The remarks by the Hon'ble Minister Jairam Ramesh that IITs (and IIMs) do little worthwhile research and that their brand is derived from the quality of their students struck a dissonant chord amongst the chattering classes in India.
The Hon'ble minister, who is himself an alumnus of an IIT, said nothing new (at least to IITans). In the proto-typical IIT pecking order, the top of the heap is the BTech students (themselves ordered by branch chosen), they are followed by 5-Year integrated students or 2-Year MTech students (depending on who you ask), then by the 2-Year MSc students and then the PhD students. The faculty occupies a variety of slots; mostly below the BTech "kings" with a few exceptional "fundoos".
There were a number of rejoinders to the Hon'ble Minister's remarks:
- "it may not be untrue, but it was unnecessary to say it" was what one IIT Director said.
- "compare the salaries and facilities at MIT/CalTech vs the salaries and facilities at IITs" said a blog post.
- "compare the competitive nature of student recruitment vs the way in which PhD students and faculty are recruited" said a newspaper article.
This post tries to take a different tack.
Have the IIT BTech alumnus made contributions to science and engineering research which justifies the enourmous expense of human resource (not to speak of financial and other resources) that they represent? To me it seems that the answer is "No!" (If IIT had delivered sufficiently many creative scientists and engineers, we could have seen the undoubted success of venture capitalists like Mr. Vinod Khosla, Fortune 500 company creators like Mr. Narayana Murthy and influential politicians like the Hon'ble Minister Mr. Jairam Ramesh himself as icing on the cake --- right now it just looks like sour cream!)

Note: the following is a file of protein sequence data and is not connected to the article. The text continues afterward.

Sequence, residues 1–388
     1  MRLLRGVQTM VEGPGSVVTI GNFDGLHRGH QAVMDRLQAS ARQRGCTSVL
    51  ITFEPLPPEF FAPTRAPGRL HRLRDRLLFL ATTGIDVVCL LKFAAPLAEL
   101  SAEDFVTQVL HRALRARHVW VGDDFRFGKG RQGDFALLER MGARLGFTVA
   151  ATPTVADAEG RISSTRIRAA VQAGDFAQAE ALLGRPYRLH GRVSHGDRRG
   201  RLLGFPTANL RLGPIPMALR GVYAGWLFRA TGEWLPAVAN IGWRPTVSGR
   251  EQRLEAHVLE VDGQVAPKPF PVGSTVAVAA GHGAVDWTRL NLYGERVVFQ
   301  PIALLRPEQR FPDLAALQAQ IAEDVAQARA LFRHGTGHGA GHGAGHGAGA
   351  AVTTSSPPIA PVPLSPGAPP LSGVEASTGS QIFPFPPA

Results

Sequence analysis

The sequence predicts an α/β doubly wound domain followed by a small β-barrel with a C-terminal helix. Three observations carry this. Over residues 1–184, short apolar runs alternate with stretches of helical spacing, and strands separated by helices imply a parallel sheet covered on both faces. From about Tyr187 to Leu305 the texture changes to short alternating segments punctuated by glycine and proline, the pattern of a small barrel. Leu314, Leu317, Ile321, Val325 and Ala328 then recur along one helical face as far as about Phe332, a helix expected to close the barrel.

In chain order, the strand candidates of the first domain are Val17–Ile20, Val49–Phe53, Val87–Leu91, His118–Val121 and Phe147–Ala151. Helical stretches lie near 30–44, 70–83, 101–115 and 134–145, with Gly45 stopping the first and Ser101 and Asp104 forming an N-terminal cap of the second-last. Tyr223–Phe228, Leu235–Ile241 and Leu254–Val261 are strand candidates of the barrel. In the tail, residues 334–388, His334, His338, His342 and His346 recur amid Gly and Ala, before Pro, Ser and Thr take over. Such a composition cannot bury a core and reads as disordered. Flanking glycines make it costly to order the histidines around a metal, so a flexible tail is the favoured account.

Why have the IITs failed to create a large number of creative engineering scientists?
The IITs represent the ambition of the middle-class in India to escape the mediocrity that they percieve around them. That is why parents are willing to invest so much time, money and mental energy on the task of getting their children admitted to these institutions. An IIT-JEE aspirant hopes to become part of an elite institute, an "island of excellence". However, the charm of the fancy labs and the professors with their strange accents quickly wears off. It then becomes the next aspiration to achieve "escape velocity" --- in our time this was through the landing of a "schol", while nowadays it is more often the plum MNC job.
However, this search is futile unless one discovers that mediocrity can only be erased by _creating_ excellence --- a much more difficult task than immersing oneself in it. The attitude with which most students enter coaching classes and then IIT negates the spirit of adventure and risk-taking that is critical to the creation of new ideas.
To escape mediocrity one must "boldly go where no one has gone before" or at least boldly go where the rest of your batch is scared to go! The few success stories of IIT alumni (to create new science and engineering ideas) come from people who did this.
So yes, Minister, the IIT students have sharper brains than most of their faculty. However, how many of these students realise their potential for creativity?